CNC_ITAMCOITAMCO—in Plymouth, a manufacturer of precision-machined components, specializing in gears—has been invited by the National Economic Council to the Whitehouse on Wednesday, December 21 in recognition of the progress made by ITAMCO and other US manufacturers in the Manufacturing USA program. Daniel Neidig, Vice President, and Joel Neidig, Business Development and Technology Manager, will be representing the company at the event.

Formally established in 2014, Manufacturing USA brings together industry, academia, and federal partners within a network of advanced manufacturing institutes to increase U.S. manufacturing competitiveness and promote a robust and sustainable national manufacturing R&D infrastructure. Manufacturing USA consists of multiple linked Manufacturing Innovation Institutes. ITAMCO is an active member of two of these institutes—America Makes: The National Additive Manufacturing Innovation Institute and the Digital Manufacturing and Design Innovation Institute (DMDII).

ITAMCO and America Makes

ITAMCO is part of a team consisting of Johnson & Johnson, the University of Notre Dame and the University of Pittsburgh that was awarded a R&D fund by America Makes to commercialize the results of their work on additive manufacturing. The group’s project is titled “Parametric Design of Functional Support Structures for Metal Alloy Feedstocks.” The team’s mission is to codify the design rules for support structures used in Direct Metal Laser Sintering (DMLS)—a form of additive manufacturing—and to inform and then automatically recommend the ideal part orientation and designs for optimized supports.

Currently during part builds, support structures are not only essential to laying part foundations and providing structural support, but are critical to eliminating part warp during powder recoating and improving heat extraction. However, few rules exist for designing support structures. Moreover, while AM machine tool software packages have the ability to add support structures, these existing capabilities are fairly primitive, not taking into consideration part orientation, distortion, or heat extraction uniformity.

The technology group at ITAMCO will take the results of the team’s work and write a plug-in application for Autodesk, a 3D-design software program.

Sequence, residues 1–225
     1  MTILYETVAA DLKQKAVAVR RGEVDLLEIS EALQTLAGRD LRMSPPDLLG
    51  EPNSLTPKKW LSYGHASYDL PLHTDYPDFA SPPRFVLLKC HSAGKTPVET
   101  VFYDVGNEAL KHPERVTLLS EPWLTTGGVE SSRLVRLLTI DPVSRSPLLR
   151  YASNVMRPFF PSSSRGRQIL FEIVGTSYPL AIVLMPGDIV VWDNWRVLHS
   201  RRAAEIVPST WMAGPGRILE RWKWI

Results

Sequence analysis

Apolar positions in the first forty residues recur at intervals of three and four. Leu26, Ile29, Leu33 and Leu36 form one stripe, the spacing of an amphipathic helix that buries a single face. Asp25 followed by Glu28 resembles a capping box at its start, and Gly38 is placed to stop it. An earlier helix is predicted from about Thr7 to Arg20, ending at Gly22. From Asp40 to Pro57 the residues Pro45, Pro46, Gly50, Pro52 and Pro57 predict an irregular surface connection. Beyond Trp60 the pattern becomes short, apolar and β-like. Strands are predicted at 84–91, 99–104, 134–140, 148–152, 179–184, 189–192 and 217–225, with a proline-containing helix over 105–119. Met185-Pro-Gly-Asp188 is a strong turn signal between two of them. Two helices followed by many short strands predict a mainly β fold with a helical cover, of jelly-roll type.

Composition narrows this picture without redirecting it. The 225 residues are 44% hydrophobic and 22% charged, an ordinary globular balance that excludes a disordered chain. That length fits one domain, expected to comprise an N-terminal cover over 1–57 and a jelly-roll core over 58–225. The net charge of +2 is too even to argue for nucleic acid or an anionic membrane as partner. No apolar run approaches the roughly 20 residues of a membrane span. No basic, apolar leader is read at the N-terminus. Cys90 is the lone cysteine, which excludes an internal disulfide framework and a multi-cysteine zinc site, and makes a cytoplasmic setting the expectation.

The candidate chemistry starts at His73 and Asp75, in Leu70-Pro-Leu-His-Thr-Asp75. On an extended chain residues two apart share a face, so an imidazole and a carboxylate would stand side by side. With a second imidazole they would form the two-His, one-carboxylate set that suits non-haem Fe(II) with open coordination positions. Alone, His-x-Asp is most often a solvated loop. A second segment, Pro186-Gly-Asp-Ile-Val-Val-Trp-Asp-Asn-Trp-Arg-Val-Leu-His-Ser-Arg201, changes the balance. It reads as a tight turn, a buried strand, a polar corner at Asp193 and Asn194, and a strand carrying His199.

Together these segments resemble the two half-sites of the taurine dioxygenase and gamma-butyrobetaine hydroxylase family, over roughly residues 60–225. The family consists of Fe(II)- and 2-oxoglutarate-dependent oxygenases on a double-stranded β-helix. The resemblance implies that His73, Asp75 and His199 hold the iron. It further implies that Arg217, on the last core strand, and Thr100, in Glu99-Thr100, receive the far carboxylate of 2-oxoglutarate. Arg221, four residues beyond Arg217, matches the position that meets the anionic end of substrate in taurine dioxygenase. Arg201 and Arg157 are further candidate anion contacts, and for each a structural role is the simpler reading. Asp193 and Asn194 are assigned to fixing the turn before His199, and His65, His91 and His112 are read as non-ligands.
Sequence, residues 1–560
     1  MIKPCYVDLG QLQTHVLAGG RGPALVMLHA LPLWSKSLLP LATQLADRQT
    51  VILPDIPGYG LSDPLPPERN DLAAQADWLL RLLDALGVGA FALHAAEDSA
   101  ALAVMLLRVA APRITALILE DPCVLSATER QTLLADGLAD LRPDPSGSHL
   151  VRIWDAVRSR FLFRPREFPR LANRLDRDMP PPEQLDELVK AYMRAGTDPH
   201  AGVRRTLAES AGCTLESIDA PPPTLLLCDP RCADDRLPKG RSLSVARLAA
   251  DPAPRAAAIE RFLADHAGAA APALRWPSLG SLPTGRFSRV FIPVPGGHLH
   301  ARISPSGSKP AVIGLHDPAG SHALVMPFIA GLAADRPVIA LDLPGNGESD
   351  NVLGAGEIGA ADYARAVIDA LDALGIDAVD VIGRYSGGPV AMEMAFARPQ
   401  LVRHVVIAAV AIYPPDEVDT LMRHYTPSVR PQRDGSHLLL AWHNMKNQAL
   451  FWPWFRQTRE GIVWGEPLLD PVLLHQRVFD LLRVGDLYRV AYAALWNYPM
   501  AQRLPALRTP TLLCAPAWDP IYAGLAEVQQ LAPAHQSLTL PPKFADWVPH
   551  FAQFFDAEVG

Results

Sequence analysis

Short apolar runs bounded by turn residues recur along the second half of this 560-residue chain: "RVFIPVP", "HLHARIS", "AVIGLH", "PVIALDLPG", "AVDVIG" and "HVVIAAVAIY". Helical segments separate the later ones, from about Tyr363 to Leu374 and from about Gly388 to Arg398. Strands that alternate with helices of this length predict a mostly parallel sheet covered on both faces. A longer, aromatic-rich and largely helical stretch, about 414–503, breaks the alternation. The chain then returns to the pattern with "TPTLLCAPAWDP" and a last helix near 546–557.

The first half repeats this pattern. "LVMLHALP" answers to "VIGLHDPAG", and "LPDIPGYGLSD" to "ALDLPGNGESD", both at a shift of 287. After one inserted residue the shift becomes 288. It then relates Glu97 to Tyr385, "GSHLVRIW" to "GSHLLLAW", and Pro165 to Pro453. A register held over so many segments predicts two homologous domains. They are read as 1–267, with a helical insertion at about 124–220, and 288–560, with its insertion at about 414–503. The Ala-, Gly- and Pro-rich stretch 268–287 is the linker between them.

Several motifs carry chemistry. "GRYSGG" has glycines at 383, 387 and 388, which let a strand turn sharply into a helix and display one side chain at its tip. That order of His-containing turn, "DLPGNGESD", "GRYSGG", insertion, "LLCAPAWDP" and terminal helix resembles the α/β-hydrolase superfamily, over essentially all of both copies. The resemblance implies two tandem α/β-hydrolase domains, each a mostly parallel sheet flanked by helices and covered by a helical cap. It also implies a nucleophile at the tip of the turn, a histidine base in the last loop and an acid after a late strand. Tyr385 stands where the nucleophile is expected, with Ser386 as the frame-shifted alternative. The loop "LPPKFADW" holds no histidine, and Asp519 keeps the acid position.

ITAMCO is also part of a team that received an Applied Research and Development award from the Digital Manufacturing and Design Innovation Institute (DMDII). The other partners in the project are Palo Alto Research Center, MTConnect® Institute and System Insights.The award-winning project is titled “Standards-Based Platform for Enterprise Communication Enabling Optimal Production and Self-Awareness,” or SPEC-OPS. The goal of SPEC-OPS is to make Smart Manufacturing a reality by connecting and configuring diverse machine tools, PLCs, sensors, and devices on the shop floor.

ITAMCO is the implementation site of SPEC-OPS because the MTConnect® standard already connects many of their machine tools. “We will have a totally integrated shop floor. A job will be entered into our ERP system and then every piece of the job, from allocating materials, to manufacturing, to shipping and invoicing, will be automatically routed through the entire facility. Machines will be chosen based on the type of work and availability. And SPEC-OPS is dynamic—if a machine goes down, the job will be automatically rerouted,” said Joel Neidig.

Manufacturing USA has given small- to medium-size enterprises like ITAMCO the opportunity to work along with larger public and privately held companies and universities to develop the latest technologies. The projects we’re developing now wouldn’t have happened without Manufacturing USA,” added Mr. Neidig.